Robert E. Radford - My Dad #21

Robert E. Radford



My Dad

I think we all would like to leave this place a better place than how we found it whether through our families, community or work.



By Heidi Legg

We have spent the last year looking for visionaries and asking what defines a visionary. Often it was a conversation with someone that was so enlightening that I knew we had to know more; or it was the name of a person that friends and colleagues would repeat again and again, and of course there are the regulars on the circuit that we already knew about in our community, who have made an enormous impact and difference in their field and in our collective lives. But deep inside of all of us is someone whose voice resonates and carries us through decisions, challenges and crossroads. Perhaps it is a teacher, likely a parent, maybe a sound and generous friend or spouse or sibling? One voice that I rely on a great deal is that of my father. There are certain lines he has given me that I have applied to anything from major stresses to minor decisions. But they work. Two of my favorites are: “If you don’t put ships out to sea, you cannot expect them to come back to port,” and “you will meet the same people going up the ladder of life as you will coming down, so treat everyone the same. You may need help.” Of course they are not only sayings, most of all they are values that families carry on and repeat.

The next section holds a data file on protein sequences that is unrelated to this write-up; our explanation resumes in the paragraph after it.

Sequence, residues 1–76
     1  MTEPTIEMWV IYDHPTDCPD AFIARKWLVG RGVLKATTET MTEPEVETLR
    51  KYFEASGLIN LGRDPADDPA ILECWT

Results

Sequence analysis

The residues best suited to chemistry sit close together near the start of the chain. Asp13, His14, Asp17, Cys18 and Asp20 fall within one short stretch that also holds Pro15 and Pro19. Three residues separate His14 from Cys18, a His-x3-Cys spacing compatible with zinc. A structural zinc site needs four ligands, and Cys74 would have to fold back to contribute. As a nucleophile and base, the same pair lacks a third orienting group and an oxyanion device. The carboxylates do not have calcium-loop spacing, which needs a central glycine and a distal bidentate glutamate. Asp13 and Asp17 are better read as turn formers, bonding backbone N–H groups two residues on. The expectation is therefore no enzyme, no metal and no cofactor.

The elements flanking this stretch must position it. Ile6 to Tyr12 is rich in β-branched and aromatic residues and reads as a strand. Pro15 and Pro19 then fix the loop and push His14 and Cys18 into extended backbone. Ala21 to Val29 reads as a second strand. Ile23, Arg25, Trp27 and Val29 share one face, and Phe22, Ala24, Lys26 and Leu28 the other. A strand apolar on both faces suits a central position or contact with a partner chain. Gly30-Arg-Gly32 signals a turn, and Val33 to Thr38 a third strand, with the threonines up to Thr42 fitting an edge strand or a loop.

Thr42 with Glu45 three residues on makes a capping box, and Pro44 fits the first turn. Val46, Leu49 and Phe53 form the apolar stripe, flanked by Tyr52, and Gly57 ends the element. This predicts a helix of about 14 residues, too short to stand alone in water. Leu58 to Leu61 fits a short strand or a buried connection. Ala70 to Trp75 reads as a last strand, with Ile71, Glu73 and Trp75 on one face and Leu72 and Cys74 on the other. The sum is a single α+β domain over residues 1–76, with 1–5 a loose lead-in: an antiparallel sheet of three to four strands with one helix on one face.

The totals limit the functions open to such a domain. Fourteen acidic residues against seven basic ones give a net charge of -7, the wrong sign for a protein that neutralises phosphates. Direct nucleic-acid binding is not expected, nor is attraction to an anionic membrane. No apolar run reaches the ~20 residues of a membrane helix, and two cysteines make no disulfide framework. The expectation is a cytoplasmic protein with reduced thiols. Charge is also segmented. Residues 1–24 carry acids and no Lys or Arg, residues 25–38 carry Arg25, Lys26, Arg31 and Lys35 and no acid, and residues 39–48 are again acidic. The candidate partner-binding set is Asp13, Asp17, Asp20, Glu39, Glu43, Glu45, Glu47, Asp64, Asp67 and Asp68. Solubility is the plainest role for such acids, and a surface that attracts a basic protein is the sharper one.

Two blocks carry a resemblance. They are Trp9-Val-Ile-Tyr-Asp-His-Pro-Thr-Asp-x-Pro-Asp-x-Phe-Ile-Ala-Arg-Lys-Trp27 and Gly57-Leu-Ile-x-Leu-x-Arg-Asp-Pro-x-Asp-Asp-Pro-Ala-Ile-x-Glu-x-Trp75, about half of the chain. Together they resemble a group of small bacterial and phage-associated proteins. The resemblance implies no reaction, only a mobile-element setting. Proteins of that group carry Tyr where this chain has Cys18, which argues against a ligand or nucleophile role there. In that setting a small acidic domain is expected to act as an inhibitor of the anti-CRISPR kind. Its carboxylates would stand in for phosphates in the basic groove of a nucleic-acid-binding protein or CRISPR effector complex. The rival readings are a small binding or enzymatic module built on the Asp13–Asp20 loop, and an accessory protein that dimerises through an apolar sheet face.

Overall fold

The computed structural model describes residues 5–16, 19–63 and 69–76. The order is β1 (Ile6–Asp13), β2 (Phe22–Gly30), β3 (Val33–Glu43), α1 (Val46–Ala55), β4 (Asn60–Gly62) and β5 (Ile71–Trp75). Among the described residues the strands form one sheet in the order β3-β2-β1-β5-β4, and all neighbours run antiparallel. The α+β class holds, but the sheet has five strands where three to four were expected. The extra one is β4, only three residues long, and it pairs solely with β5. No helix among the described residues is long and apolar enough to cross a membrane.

Summer is a time when we all have a chance to lounge and dream and contemplate life and spend lazy afternoons with our extended families. Cousins pile into cars, cottages and boats and grandparents reign over the brood and 40-year-olds regress to their sibling roles, frozen in time as teens. As summer comes to a close and we enter those golden days of late August, it seemed apt to spend time with family in this interview. Meet my Dad.